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EIA Sees 40% Hike in Gas Bills

EIA Sees 40% Hike in Gas Bills

Natural gas bills for residential households this winter could be as much as 40% higher than the last winter heating season, with the Midwest likely to feel the pinch the most, according to a market overview presented by the Energy Information Administration (EIA) recently.

The 40% hike in household bills is a distinct possibility if residential gas prices rise 25% or more this winter, as is expected, and winter weather conditions are normal, the Department of Energy (DOE) agency said in its "Winter Fuels Market Assessment 2000" to the Northeast-Midwest Congressional Coalition. However, if the winter is colder, then the increase in residential bills will be far greater, it noted.

The probability that the winter heating season of 2000-2001 will be "at least somewhat colder" than last winter is 95%, that it will be "10% (or more) colder" than last winter is above 50%, or that it will be "20% (or more) colder" than last winter is about 10%, according to the EIA.

With normal temperatures, there would be "broad increases" in heating demand across the North Central and Northeast regions, the agency noted, but the greatest potential for heating demand growth will be in the Midwest. Since the Midwest typically favors natural gas as a home heating fuel, this would mean that demand for gas and propane would likely "exhibit higher year-over-year growth rates than heating oil" this winter, the EIA said.

In the Midwest, the EIA forecasts that residential customers could see average burner-tip prices as high as $8.40/Mcf this winter, up from $6.61/Mcf a year ago. This would mean that the average winter gas bill for a Midwest household would total $734 this year, compared to $511 for last winter, the DOE agency noted.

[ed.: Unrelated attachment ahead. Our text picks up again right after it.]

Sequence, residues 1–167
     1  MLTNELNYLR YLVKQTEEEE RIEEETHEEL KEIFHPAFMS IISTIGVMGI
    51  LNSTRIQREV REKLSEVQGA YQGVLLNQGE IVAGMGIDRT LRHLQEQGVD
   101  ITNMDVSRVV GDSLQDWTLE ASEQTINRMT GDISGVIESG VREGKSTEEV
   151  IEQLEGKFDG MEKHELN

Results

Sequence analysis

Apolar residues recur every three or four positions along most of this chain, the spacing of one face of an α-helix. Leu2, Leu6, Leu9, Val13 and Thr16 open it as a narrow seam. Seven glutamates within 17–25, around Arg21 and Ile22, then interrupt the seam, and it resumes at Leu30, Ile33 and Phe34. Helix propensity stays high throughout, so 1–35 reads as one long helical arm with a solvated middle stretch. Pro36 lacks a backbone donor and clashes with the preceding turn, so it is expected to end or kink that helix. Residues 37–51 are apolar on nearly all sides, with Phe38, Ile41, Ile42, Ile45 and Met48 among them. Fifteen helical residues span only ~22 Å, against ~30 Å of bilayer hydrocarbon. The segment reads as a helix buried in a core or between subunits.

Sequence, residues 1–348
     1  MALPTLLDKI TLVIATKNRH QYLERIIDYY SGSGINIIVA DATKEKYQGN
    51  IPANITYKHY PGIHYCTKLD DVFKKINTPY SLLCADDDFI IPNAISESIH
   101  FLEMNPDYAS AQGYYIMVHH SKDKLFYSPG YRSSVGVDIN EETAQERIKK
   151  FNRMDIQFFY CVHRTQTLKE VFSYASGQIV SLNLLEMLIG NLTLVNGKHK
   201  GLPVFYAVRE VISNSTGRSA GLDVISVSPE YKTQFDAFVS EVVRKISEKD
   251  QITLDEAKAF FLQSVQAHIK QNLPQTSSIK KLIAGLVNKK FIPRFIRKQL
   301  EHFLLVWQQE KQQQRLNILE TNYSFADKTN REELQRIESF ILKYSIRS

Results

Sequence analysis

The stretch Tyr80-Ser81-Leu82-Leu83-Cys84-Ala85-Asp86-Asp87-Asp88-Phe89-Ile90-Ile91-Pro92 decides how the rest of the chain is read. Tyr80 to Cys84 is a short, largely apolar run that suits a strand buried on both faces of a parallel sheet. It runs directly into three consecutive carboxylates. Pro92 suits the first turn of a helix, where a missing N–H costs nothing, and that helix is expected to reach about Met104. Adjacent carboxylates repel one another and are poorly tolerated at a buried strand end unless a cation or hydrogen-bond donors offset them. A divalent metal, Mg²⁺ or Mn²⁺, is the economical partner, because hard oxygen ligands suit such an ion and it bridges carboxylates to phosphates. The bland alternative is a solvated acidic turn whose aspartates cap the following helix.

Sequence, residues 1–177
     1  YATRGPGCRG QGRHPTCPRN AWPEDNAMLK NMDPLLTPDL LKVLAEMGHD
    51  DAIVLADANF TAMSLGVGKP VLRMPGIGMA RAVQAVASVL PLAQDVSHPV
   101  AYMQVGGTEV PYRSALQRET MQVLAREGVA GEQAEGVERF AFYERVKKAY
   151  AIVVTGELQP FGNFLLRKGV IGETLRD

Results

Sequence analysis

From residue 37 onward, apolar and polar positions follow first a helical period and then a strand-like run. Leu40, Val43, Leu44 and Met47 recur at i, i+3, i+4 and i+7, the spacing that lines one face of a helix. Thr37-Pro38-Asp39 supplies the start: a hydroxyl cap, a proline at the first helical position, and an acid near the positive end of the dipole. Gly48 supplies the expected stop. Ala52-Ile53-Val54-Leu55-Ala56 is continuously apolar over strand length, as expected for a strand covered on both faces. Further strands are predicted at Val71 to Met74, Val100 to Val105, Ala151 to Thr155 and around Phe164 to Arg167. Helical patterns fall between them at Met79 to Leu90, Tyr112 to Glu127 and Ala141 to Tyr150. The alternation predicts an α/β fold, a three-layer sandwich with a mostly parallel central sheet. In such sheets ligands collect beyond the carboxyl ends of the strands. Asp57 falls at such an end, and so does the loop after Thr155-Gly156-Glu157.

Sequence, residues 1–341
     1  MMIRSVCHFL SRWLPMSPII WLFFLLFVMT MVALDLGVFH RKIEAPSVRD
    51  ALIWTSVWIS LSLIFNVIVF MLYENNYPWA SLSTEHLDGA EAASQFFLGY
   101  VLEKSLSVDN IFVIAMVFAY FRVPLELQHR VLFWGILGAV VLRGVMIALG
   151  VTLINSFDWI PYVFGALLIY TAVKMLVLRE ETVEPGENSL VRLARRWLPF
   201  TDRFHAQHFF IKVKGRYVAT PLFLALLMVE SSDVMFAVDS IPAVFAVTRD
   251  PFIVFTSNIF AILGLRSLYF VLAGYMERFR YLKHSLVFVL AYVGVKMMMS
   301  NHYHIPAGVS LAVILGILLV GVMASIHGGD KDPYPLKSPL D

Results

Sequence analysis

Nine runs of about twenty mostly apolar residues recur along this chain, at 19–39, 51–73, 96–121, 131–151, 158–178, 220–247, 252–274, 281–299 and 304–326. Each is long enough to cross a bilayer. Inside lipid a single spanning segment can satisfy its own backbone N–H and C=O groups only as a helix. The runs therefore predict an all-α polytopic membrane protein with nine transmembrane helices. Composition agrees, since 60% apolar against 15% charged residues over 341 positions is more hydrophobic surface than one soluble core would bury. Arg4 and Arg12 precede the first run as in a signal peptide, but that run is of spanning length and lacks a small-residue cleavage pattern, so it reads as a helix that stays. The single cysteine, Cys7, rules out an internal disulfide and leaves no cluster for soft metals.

Even though gas inventories are below their historical levels, the EIA seems to think there will be enough gas in storage to meet demand this winter. "We are currently projecting that working gas will be between 2,800 and 2,900 Bcf at the end of October, entering the heating season somewhat below average," it said. But if you allow for at least 800 Bcf to be in storage at the end of the heating season in March 2001, "this suggests an operational ability to withdraw 2,000 Bcf or more during the [upcoming] heating season, which exceeds the 1,876 Bcf withdrawn last winter."

As for the heating oil market, the EIA projects that Northeast residential customers will be paying higher prices this winter. "Even without particularly sharp cold weather events this winter, we think consumers are likely to see higher average heating oil prices than were seen last winter," the agency said.

It forecasts that heating oil in the Northeast will be $1.32/gal., up from $1.19/gal. last winter, assuming normal weather. Overall, the EIA estimates that the average Northeast household will pay $901 for heating oil supplies this winter, compared to $765 a year ago.

Susan Parker

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